this. >> i'm food insecurity and-- during this covid world we're seeing malign actors, criminal as well trying to take advantage of the situation. all of our programming has had an aspect of countering human trafficking, trying to give life to it and capacity building and what not. just like food insecurity, i'm afraid on the human trafficking front, i don't have see the data in front of me, but my gut is telling me we have more to look it. >> we're grateful for your service. thank you. mr. chairman. >> thank you, sir. >> thank you, mr. wilson. we'll go to mr. barra. >> thank you, mr. chairman. when i think about one of the best investments made post world war ii. it's the aid and development,
when you think of the history, the marshall plan the best in the history of the world. it rebuilt chaip. taking korea from one of the poorest nation to this remarkable developed economy and acting administrator, you talked about pepfar, the millions of lives that investment has saved. that's a testimony to the real impact to development around the world and also to the men and women that serve as our partner and implementing agencies and ngo's and i thank them for the work every day. we face this unprecedented challenge. possibly the liggest since world war ii and the pandemic covered 19. and mr. keating alluded to this a little bit and mr. sherman also talked about the legislation to authorize what we've introduced the safe act,
securing america from epidemics. and we think that finding cepi would be incredibly helpful. we know the global alliance that's coming together ap i appreciate you mentioning gabby in your opening remarks. part of this is the-- there's roughly 200 covid-19 vaccines under development around the world and that's why we need this co-vax killer. we may need more than one vaccine to kill this virus. we know if we work together at a global level. if, for instance, the united kingdom comes up with the successful vaccine for seniors. the uts may come up with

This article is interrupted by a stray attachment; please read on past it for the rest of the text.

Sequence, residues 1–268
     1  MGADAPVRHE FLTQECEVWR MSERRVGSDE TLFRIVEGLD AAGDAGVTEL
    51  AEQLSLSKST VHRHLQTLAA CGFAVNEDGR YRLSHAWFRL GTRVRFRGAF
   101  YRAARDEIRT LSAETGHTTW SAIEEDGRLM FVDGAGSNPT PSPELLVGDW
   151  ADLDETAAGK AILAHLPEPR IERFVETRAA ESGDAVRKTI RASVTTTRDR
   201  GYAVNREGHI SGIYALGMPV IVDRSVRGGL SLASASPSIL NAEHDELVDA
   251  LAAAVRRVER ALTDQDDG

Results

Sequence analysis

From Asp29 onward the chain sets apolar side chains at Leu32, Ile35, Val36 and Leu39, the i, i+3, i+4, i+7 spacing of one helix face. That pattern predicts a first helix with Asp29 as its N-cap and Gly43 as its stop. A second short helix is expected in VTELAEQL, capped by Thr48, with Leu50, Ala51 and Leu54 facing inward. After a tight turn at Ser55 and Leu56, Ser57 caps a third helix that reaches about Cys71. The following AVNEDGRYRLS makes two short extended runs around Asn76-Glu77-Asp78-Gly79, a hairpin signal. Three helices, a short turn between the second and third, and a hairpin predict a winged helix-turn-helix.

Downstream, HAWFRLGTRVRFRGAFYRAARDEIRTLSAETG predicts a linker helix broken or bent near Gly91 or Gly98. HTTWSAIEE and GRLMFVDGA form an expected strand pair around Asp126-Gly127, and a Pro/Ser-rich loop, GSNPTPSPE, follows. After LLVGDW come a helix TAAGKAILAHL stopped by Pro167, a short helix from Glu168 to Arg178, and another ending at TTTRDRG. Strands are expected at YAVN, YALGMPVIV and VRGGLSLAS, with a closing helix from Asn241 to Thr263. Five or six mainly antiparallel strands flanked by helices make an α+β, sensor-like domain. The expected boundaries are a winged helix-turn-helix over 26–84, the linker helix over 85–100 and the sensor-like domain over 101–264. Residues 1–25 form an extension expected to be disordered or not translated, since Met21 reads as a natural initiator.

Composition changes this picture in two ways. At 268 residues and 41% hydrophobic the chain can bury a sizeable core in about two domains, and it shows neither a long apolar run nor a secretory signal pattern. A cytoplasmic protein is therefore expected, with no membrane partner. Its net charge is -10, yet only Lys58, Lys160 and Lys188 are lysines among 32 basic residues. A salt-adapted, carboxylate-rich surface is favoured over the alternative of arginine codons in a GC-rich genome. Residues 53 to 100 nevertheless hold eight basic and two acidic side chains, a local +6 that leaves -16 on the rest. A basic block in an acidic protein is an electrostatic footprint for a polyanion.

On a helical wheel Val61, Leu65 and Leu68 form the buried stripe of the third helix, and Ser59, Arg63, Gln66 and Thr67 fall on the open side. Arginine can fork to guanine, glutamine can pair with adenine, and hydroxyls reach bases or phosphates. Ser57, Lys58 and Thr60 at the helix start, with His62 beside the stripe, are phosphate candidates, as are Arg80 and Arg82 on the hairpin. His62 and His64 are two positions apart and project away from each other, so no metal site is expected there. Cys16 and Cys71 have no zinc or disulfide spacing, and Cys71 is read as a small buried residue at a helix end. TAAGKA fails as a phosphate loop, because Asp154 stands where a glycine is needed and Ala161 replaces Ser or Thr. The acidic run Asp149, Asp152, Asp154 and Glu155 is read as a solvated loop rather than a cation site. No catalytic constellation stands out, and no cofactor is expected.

someone. dr. fauci said it, and until we find an executive vaccine, 6 to 7 billion for the world and distribute and vaccine the world, we won't defeat this virus so i think that's why it's incredibly important for us to be a part of this global alliance with gabby, with cepi and et cetera. it's kind of the principle of safety in numbers. we don't know which vaccine is going to work and this doesn't preclude what the administration is doing in terms of bilateral agreements. i think it's complement tri to some of the agreements. acting administrator barsa that it's important to be a part of
the global vaccine and how much do you engage in this. >> in gaza and cepi, it's important. vaccines is one portion of the response. the holistic response not just to this pandemic, but other health care emergencies, as i mentioned before, b my belief to have access to a wash, a sanitation service. and so in response to the pandemic. while vaccines are important, the holistic at usaid, get to the-- often times you'll see a health crisis and follows a political order because sometimes there are challenges in terms of government's providing clean water-- we feel it's the best way to build capacity for government is to strengthen their health
systems, but certainly agree with the critical role vaccines should have. that's important, anything else is critical. proud to have that integrated in usaid. >> in my remaining time, a few members brought up the chinese approach, you brought it up, coercion, et cetera. we'll never have the resources of a single nation to necessarily combat the millions that china has. you touched on multilateral coalitions of like-minded nations and certainly when i talk to the eu and authority in-- efforts. can you give us an example of the multilateral conversations. >> as soon as i mentioned the communicati communication. the staff level were coordinated with the eu and others and i've participated
virtually see a zoom with counterparts in the u.s., canada and the rest of the developed world. so we are discussing at different levels. >> great. >> okay, we're going to have to go to mr. yoho. >> thank you, mr. chairman and i appreciate it. mr. barsa, thank you for being here. i appreciate the accolades that mr. mccauliffe said. that's congress working on a bilateral, bipartisan manner and we need to continue that. we're focusing on what's best for everybody. and what they need, it's critical it has equity authority. >> we put in $150 billion, you know the numbers, you've talked with adam bowler and it's imperative when you're talking
to the members or members of the appropriations committee, your ex-boss, recognize to him how important it is to have that. i want to move on and i want to go into some things, and you know, i accepted to be real blunt on things and i know i offend some people sometimes. i know that's hard for people to understand, and i don't mean to. it's to call things out and i heard gregory talking about-- i've got the utmost respect for mr. meeks. we have an array of all people involved. i agree with that 100%. are you mandated by congress that's the role of you as the administrator for usaid or should there be a separate gao person to do that or a special university inspector --